COMMANDER HF: Rivaroxaban Not Linked with Improved Outcomes in HF

Rivaroxaban at 2.5mg twice daily was no assocaited with an improvement in rates of death, myocardial infarction (MI), or stroke in patients with worsening chronic heart failure (HF), according to researchers from the COMMANDER HF trial.  

The randomized, double-blind trial included 5,022 patients with chronic HF, LVEF of 40% or less, coronary heart disease, no atrial fibrillation, and elevated plasma concentrations. Patients were randomly assigned to either rivaroxaaban 2.5 mg twice daily or placebo, with a composite endpoint of death from any cause, MI, or stroke. Patients were followed up for a mean of 21.1 months. 

According to the results, the endpoint occurred in 25% of the 2,507 patients taking rivaroxaban, and 26.2% in the 2,515-patient placebo group (P=0.27). The researchers also reported no significant differences in all-cause mortality between the study groups (21.8% rivaroxaban vs. 22.1% placebo; HR=0.98; 95% CI, 0.87 to 1.10). There were also no reported differences between study groups for the primary safety outcome (P=0.48).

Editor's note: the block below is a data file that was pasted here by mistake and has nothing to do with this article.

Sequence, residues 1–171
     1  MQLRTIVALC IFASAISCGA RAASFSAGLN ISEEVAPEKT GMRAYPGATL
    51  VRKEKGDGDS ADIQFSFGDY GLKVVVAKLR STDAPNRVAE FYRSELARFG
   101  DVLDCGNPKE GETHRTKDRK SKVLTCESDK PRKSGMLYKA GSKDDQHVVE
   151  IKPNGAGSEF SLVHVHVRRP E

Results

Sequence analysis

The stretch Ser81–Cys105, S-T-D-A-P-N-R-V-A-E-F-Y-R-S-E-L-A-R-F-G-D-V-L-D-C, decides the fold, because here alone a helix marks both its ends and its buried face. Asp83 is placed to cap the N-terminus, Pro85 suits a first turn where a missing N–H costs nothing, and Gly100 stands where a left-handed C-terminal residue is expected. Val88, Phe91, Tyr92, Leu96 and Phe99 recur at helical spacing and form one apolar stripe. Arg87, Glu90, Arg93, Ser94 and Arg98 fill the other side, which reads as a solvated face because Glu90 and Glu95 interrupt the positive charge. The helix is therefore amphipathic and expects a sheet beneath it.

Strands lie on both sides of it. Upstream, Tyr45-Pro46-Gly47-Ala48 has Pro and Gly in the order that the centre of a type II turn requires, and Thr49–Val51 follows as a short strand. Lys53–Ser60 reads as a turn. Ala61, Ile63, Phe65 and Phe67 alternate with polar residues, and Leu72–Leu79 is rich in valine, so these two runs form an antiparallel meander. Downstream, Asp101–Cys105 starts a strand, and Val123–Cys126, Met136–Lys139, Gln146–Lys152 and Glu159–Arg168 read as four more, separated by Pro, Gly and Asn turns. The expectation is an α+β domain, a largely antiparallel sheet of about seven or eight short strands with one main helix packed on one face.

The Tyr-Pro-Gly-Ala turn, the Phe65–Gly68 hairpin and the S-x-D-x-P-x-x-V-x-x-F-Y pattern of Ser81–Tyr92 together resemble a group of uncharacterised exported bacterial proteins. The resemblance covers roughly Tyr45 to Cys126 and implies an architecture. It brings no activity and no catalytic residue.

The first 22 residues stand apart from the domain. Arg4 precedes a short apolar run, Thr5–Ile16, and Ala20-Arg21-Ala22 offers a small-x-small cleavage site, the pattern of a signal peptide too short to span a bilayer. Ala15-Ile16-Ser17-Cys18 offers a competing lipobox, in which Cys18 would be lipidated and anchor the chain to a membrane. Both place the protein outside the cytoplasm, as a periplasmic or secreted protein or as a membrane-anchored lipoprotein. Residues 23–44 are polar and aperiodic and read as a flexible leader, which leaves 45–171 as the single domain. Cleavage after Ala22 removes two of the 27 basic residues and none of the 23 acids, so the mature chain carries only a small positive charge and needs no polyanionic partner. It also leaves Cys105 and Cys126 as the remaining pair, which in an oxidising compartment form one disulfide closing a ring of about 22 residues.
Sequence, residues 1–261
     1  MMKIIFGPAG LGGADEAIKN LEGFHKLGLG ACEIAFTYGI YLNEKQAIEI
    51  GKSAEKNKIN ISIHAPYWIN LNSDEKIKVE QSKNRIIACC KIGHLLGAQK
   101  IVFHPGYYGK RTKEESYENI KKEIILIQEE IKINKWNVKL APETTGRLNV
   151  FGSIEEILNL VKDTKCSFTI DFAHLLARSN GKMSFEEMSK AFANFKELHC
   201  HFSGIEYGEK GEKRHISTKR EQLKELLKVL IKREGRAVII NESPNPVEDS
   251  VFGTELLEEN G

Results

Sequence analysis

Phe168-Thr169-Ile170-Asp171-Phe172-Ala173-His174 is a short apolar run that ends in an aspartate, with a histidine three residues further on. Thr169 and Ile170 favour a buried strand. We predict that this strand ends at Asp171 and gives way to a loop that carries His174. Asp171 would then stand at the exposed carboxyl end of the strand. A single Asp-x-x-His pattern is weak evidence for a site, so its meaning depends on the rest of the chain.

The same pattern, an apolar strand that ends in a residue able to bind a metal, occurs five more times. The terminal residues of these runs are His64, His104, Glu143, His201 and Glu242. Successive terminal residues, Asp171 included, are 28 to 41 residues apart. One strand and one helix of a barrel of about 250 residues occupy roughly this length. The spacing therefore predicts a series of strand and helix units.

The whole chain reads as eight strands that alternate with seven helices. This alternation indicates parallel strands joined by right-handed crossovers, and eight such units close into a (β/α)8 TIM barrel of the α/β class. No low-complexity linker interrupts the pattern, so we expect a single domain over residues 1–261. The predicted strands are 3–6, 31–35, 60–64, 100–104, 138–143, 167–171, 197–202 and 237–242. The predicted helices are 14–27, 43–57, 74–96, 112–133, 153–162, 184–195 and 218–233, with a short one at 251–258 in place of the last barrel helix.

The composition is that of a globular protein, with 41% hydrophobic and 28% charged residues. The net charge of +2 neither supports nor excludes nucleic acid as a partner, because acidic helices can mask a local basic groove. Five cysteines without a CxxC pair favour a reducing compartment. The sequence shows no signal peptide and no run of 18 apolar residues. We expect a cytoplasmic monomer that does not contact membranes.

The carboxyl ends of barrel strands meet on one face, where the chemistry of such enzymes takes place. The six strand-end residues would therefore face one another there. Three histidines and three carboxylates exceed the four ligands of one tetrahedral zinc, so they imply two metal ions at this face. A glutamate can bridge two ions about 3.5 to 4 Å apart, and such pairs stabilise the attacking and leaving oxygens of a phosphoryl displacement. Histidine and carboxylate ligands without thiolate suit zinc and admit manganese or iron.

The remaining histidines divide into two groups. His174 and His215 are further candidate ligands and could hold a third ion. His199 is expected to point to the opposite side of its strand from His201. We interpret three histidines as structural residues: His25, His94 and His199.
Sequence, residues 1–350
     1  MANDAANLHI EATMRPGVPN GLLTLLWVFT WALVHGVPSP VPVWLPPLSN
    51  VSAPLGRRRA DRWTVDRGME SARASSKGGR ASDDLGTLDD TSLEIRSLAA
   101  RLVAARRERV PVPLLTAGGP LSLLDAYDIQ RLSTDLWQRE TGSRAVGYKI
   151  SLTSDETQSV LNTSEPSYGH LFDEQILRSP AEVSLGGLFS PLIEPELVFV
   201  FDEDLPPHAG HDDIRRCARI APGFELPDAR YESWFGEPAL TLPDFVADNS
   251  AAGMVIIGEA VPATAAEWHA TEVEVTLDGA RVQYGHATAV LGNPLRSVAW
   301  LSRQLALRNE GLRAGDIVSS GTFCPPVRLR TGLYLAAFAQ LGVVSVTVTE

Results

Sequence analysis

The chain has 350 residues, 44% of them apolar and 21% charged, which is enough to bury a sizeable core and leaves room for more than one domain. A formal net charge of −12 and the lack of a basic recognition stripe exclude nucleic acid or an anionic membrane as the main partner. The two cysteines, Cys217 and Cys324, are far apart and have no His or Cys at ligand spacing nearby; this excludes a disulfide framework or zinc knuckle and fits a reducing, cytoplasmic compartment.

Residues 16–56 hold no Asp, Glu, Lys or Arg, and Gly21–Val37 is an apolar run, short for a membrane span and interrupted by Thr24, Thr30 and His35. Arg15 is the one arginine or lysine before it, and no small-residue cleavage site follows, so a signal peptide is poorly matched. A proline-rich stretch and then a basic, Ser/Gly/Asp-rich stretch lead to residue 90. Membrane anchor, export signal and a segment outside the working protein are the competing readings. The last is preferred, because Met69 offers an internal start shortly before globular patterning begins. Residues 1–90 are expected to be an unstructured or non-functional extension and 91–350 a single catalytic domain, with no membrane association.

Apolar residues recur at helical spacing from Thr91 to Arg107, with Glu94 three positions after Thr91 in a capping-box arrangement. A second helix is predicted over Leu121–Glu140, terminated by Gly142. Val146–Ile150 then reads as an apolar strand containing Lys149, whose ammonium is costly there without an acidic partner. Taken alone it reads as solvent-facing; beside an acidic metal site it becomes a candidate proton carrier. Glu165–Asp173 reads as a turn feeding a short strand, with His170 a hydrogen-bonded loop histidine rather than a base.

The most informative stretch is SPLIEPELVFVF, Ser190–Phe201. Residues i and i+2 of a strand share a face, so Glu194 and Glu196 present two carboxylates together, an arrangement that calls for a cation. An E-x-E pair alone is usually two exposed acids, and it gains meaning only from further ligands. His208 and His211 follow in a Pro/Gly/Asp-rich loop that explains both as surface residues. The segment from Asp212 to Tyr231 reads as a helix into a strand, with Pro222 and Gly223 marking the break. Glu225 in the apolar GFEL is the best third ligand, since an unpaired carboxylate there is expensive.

“In patients with recent worsening of chronic heart failure and reduced ejection fraction who also had underlying coronary artery disease and were not in atrial fibrillation, low-dose rivaroxaban added to guideline-based therapy was not associated with a lower rate of the composite outcome of death from any cause, MI, or stroke than placebo, nor did it favorably influence the rate of rehospitalization for HF,” the authors wrote in their conclusion. 

Source: New England Journal of Medicine 

Eric Raible is editor of the Cardiology section of DocWire News and has more than a decade’s worth of experience in covering and publishing in the cardiology space. Eric has previously served as a founding editor of CardioSource WorldNews, and is a former staff writer and editor of Cardiology Today.